Random Forests in python using scikit-learn

In this post we’ll be using the Parkinson’s data set available from UCI here to predict Parkinson’s status from potential predictors using Random Forests.

Decision trees are a great tool but they can often overfit the training set of data unless pruned effectively, hindering their predictive capabilities.

Random forests are an ensemble model of many decision trees, in which each tree will specialise its focus on a particular feature, while maintaining an overview of all features.

Each tree in the random forest will do its own random train/test split of the data, known as bootstrap aggregation and the samples not included are known as the ‘out-of-bag’ samples. Additionally each tree will do feature bagging at each node-branch split to lessen the effects of a feature that is highly correlated with the response.

While an individual tree might be sensitive to outliers, the ensemble model will likely not be.

The model predicts new labels by taking a majority vote from each of its trees given a new observation.

We’ll start by loading up our data

In [1]:
import pandas as pd

df = pd.read_csv('data/parkinsons.data')
print(df.head())
             name  MDVP:Fo(Hz)  MDVP:Fhi(Hz)  MDVP:Flo(Hz)  MDVP:Jitter(%)  \
0  phon_R01_S01_1      119.992       157.302        74.997         0.00784   
1  phon_R01_S01_2      122.400       148.650       113.819         0.00968   
2  phon_R01_S01_3      116.682       131.111       111.555         0.01050   
3  phon_R01_S01_4      116.676       137.871       111.366         0.00997   
4  phon_R01_S01_5      116.014       141.781       110.655         0.01284   

   MDVP:Jitter(Abs)  MDVP:RAP  MDVP:PPQ  Jitter:DDP  MDVP:Shimmer    ...     \
0           0.00007   0.00370   0.00554     0.01109       0.04374    ...      
1           0.00008   0.00465   0.00696     0.01394       0.06134    ...      
2           0.00009   0.00544   0.00781     0.01633       0.05233    ...      
3           0.00009   0.00502   0.00698     0.01505       0.05492    ...      
4           0.00011   0.00655   0.00908     0.01966       0.06425    ...      

   Shimmer:DDA      NHR     HNR  status      RPDE       DFA   spread1  \
0      0.06545  0.02211  21.033       1  0.414783  0.815285 -4.813031   
1      0.09403  0.01929  19.085       1  0.458359  0.819521 -4.075192   
2      0.08270  0.01309  20.651       1  0.429895  0.825288 -4.443179   
3      0.08771  0.01353  20.644       1  0.434969  0.819235 -4.117501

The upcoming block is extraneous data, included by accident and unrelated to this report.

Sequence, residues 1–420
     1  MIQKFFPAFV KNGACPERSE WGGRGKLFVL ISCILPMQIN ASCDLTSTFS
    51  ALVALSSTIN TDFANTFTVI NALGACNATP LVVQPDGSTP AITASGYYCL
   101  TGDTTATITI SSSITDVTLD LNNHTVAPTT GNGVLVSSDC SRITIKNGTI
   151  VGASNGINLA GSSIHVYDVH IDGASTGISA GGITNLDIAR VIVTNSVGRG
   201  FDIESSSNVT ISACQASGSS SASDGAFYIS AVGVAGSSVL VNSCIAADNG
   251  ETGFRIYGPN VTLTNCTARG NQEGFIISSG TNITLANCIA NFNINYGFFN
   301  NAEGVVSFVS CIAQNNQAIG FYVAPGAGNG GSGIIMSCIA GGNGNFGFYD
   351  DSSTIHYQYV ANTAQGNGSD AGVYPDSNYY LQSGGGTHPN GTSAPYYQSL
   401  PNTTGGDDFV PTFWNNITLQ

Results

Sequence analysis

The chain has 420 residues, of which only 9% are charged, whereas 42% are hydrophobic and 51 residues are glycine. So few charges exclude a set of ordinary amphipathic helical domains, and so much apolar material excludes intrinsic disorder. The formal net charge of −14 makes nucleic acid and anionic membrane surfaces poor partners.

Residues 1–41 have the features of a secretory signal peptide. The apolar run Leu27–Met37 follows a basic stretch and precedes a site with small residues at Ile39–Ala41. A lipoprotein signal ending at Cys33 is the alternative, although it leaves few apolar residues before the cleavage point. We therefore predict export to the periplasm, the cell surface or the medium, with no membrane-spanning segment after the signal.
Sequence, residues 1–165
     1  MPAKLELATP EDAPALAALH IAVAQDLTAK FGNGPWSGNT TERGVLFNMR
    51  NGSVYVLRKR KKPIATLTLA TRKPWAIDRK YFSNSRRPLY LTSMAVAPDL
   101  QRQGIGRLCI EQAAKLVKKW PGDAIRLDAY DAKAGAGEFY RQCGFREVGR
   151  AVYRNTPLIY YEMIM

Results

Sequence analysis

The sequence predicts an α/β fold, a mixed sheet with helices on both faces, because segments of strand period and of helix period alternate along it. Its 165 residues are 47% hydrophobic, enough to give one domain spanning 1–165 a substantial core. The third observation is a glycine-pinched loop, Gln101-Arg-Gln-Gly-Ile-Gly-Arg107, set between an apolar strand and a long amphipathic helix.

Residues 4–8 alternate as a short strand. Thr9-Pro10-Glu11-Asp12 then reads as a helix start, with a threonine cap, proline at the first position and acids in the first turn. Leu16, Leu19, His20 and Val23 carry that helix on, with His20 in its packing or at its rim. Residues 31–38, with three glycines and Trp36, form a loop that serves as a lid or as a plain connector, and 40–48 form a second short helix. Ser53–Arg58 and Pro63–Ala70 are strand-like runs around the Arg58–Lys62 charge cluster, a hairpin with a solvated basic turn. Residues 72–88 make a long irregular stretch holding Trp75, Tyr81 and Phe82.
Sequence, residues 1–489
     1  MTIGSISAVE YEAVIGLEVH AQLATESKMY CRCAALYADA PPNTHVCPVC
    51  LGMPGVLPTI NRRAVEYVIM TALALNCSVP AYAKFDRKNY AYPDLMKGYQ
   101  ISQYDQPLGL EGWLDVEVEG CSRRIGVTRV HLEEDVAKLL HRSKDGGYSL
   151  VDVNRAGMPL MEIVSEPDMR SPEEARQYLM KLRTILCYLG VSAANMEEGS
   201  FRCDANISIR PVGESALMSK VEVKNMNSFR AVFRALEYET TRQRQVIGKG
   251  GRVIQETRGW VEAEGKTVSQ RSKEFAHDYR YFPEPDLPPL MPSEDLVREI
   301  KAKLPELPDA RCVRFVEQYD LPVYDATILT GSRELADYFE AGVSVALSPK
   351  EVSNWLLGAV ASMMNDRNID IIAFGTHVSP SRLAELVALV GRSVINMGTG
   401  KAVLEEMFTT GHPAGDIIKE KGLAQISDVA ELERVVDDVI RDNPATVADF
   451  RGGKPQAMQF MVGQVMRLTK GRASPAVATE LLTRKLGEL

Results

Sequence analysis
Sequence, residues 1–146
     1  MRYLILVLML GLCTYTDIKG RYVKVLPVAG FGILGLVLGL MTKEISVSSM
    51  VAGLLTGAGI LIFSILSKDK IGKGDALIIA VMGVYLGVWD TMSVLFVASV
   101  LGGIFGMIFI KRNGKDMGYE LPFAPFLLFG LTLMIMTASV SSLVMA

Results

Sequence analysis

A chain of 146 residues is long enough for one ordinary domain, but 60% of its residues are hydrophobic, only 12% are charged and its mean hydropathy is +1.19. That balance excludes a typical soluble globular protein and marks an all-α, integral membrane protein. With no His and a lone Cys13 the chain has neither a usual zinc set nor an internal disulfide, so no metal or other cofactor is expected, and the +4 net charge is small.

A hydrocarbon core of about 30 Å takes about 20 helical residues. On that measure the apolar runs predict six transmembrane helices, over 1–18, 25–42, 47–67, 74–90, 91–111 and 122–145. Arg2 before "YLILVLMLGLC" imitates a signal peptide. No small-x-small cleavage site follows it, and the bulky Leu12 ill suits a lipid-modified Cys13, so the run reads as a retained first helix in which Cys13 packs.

4      0.10470  0.01767  19.649       1  0.417356  0.823484 -3.747787   

    spread2        D2       PPE  
0  0.266482  2.301442  0.284654  
1  0.335590  2.486855  0.368674  
2  0.311173  2.342259  0.332634  
3  0.334147  2.405554  0.368975  
4  0.234513  2.332180  0.410335  

[5 rows x 24 columns]

We don’t want the name feature in our DataFrame so we’ll drop this and split our data into features and labels.

In [2]:
X = df.drop('status', axis=1)
X = X.drop('name', axis=1)
y = df['status']

Now we can split the data into a training and test set of data.

In [3]:
from sklearn.model_selection import train_test_split

X_train, X_test, y_train, y_test = train_test_split(X, y, random_state=1)

We now create and train our model. The number of estimators (n_estimators) determines how dense our decision forest is and the random_state is given for reproducibility.

In [4]:
from sklearn.ensemble import RandomForestClassifier

random_forest = RandomForestClassifier(n_estimators=30, max_depth=10, random_state=1)
In [5]:
random_forest.fit(X_train, y_train)
Out[5]:
RandomForestClassifier(bootstrap=True, class_weight=None, criterion='gini',
            max_depth=10, max_features='auto', max_leaf_nodes=None,
            min_impurity_split=1e-07, min_samples_leaf=1,
            min_samples_split=2, min_weight_fraction_leaf=0.0,
            n_estimators=30, n_jobs=1, oob_score=False, random_state=1,
            verbose=0, warm_start=False)

Now we evaluate our model on our test set.

In [6]:
from sklearn.metrics import accuracy_score

y_predict = random_forest.predict(X_test)
accuracy_score(y_test, y_predict)
Out[6]:
0.93877551020408168
In [7]:
from sklearn.metrics import confusion_matrix

pd.DataFrame(
    confusion_matrix(y_test, y_predict),
    columns=['Predicted Healthy', 'Predicted Parkinsons'],
    index=['True Healthy', 'True Parkinsons']
)
Out[7]:
Predicted Healthy Predicted Parkinsons
True Healthy 11 1
True Parkinsons 2 35

Our Decision Forest performs well on this limited set of data. We would need more data and more domain knowledge to effectively evaluate this model.